Our problem was that we needed a third tractor. You have one for carting, one for buckraking and one pulling the chopper. Father would pull the forage harvester behind a John Deere 1120, I could buckrake with the David Brown and the local agricultural engineer loaned us a little Fergie 135 for carting with. Because this is a three man system (three tractors) and we had two men, I ended up doing two of the jobs. I would buckrake the grass into the pit, get onto the other tractor, take the empty trailer to the field, collect a full one, empty it and buckrake the grass into the pit. Rinse and repeat.
At this point I ran into a problem. Tractors back then had in their gearbox a high box and a low box. (For silaging I just stayed in high box) There were three forward gears and one reverse gear so with the high and low boxes you could get six forward gears and two reverse gears. For buckraking I would just use second and reverse. The David Brown gearbox was a pretty good one. They’d produced the gearboxes for the Centurion and Chieftain tanks. Rumour had it that Fergusons hadn’t so much as developed their own gearbox as taken the David Brown gearbox and produced a mirror image of it. I don’t know whether that was true or not but when I got from one tractor to the next, the gears were in exactly the opposite place to where you expect them to be. Now rather than stopping for milking, my father would go and milk when Brian or somebody else would come from work to help us silage. They would get on the tractor pulling the forage harvester and we’d crack on. As you might imagine, by nine or ten o’clock at night, I’d got to the stage where I wasn’t entirely sure what day it was never mind which tractor I was driving. So I would just push it into gear and the direction of travel came as a constant surprise to me.

Mind you, the old David Brown was a good tractor for buckraking with. For those who have never seen a buckrake, think of it as a fork that is fastened to the hydraulic arms on the back of the tractor.

You back the tractor into the heap of grass that the trailer has tipped. You then lift up the buckrake and drive forward with a load of grass. You then back up the pit and spread the grass where you want it.

But it’s not that simple. With the old flail cutters the grass was long and tangled and you had to tear the heap apart. This involved backing the buckrake into the pile, lifting the buckrake, and then continuing to reverse. Except that at times there was so much weight on the buckrake that your front wheels were no longer touching the ground. On one occasion I backed into the heap, picked up a load of grass, but grass managed to somehow jam under the tractor clutch peddle. Thus I couldn’t stop, change gear and go forward. The old David Brown, channelling the Centurion tank somewhere on its family tree, continued to power backwards. As it tilted at forty-five degrees to one side I decided this was time to abandon ship. (No roll bars or suchlike back then). Without a driver the tractor continued to go dead straight, over the heap, and then started to carry the buckrake full of grass up the silage clamp. By this time I had rejoined it, pulling the grass out from under the clutch as I did so. Together the tractor and I spread the grass where I wanted and headed back down the pit to get another buckrake full.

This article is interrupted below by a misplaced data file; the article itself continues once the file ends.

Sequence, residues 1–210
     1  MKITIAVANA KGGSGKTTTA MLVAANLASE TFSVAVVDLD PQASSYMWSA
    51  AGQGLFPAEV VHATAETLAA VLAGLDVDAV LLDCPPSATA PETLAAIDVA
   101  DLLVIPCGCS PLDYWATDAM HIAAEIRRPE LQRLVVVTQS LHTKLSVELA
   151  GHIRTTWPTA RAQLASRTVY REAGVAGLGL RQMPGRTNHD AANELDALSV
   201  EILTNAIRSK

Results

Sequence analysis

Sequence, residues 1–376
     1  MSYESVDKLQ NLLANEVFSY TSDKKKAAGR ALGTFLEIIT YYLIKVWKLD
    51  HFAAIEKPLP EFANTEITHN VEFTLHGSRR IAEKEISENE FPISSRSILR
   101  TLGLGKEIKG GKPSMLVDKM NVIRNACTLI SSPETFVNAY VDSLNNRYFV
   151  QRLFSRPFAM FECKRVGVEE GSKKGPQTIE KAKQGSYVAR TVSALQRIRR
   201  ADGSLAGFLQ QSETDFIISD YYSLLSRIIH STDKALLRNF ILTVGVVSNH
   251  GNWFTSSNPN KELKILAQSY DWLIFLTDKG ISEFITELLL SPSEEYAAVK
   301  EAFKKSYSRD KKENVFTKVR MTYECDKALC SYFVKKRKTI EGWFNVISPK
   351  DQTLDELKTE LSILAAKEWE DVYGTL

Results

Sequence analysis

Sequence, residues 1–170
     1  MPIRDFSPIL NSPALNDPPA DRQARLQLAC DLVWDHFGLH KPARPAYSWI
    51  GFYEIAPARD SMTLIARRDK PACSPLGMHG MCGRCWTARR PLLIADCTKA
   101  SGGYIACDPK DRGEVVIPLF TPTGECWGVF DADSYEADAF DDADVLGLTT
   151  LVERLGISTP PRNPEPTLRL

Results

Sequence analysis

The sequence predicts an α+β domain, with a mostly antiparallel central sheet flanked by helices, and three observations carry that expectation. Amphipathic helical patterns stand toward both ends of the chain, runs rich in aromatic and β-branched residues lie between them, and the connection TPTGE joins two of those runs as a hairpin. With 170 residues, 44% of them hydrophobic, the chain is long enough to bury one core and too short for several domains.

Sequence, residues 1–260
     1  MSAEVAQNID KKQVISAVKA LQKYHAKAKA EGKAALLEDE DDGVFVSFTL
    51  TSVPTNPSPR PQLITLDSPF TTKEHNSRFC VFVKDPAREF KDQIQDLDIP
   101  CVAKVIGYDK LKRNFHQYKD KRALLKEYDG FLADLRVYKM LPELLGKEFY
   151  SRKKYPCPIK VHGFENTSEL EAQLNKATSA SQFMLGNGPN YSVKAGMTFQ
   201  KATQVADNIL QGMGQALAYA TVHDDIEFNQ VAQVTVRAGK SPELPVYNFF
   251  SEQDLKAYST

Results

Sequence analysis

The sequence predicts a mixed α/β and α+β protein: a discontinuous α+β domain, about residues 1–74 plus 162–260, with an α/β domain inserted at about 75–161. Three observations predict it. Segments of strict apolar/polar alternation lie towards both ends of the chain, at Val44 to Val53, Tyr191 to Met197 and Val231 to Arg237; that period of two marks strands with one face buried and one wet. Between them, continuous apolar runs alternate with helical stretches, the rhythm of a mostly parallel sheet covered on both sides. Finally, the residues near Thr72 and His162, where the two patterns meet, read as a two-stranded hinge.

We did eventually get the tractor fitted with a roll bar. This wasn’t an entire success. The batteries were placed one either side of the seat, which was really convenient for recharging etc. But the roll bar was fitted close to the battery cases meaning that all sorts of grass and oil and suchlike used to collect round them, especially during silaging. So more than once I’ve been buckraking away and suddenly discovered a small fire burning next to me. Brush if off and keep going, grass doesn’t harvest itself.


There again, what do I know?

And from anybody but Amazon

As a reviewer commented, “You know how a lot of books or movies follow up with a sequel and it’s often a disappointing effort that never quite manages to beat or match its original?

Yeah well this isn’t one of them.

It doesn’t do justice or even feel fair to say “follow up” because in effect it’s just the second half of the same brilliant story.

Jim and his dogs have a world in which I become totally engrossed, involved and invested. Even if you haven’t so much as seen a working farm it won’t matter because the beauty is in the story telling and Jim is one of the greatest story tellers.

The perfect escape from the current global pandemic and highly recommended reading for everyone and anyone.”

Just fix this

Spend much time in farming and you’ll end up dealing with agricultural engineers. There is only so much you can fix with baler twine. In my time I’ve seen steel bars ‘reinforced’ by having heavy pieces of timber strapped to them using string. I’ve seen somebody get a tractor home, steering with the independent brake because the steering wheel no longer turned the front wheels. But eventually you need to get somebody competent in.

We are lucky in that we have somebody competent not far away. Indeed in when I was little, we always went across the fields until we hit a green lane which took us to the road. Then it was perhaps three hundred yards along the road to the engineers.

The problem with this route is that they’d developed it with horses in mind. With a horse drawing a cart (or other implement), when you come to a gate you get off, open the gate, shout ‘Walk on’ and the horse comes through the gate. Then you shout ‘Whoa’ and the horse stops. You shut the gate and get back on the cart. With tractors it’s a bit more of a faff. You get off, open the gate, get on, drive through, get off, close the gate, get on. In simple terms it means that with a tractor it’s actually faster just to drive round by road rather than taking the ‘short cut.’